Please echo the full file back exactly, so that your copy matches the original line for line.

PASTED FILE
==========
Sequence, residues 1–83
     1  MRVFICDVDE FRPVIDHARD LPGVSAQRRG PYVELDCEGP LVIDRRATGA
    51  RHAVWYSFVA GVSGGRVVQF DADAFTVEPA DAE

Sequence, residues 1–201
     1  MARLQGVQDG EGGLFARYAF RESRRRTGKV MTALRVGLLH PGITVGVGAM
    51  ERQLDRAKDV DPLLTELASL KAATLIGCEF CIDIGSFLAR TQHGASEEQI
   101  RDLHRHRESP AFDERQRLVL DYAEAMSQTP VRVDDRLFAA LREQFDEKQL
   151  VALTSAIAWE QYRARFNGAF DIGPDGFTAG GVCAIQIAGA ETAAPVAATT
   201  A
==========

Sequence, residues 1–83
     1  MRVFICDVDE FRPVIDHARD LPGVSAQRRG PYVELDCEGP LVIDRRATGA
    51  RHAVWYSFVA GVSGGRVVQF DADAFTVEPA DAE

Sequence, residues 1–201
     1  MARLQGVQDG EGGLFARYAF RESRRRTGKV MTALRVGLLH PGITVGVGAM
    51  ERQLDRAKDV DPLLTELASL KAATLIGCEF CIDIGSFLAR TQHGASEEQI
   101  RDLHRHRESP AFDERQRLVL DYAEAMSQTP VRVDDRLFAA LREQFDEKQL
   151  VALTSAIAWE QYRARFNGAF DIGPDGFTAG GVCAIQIAGA ETAAPVAATT
   201  A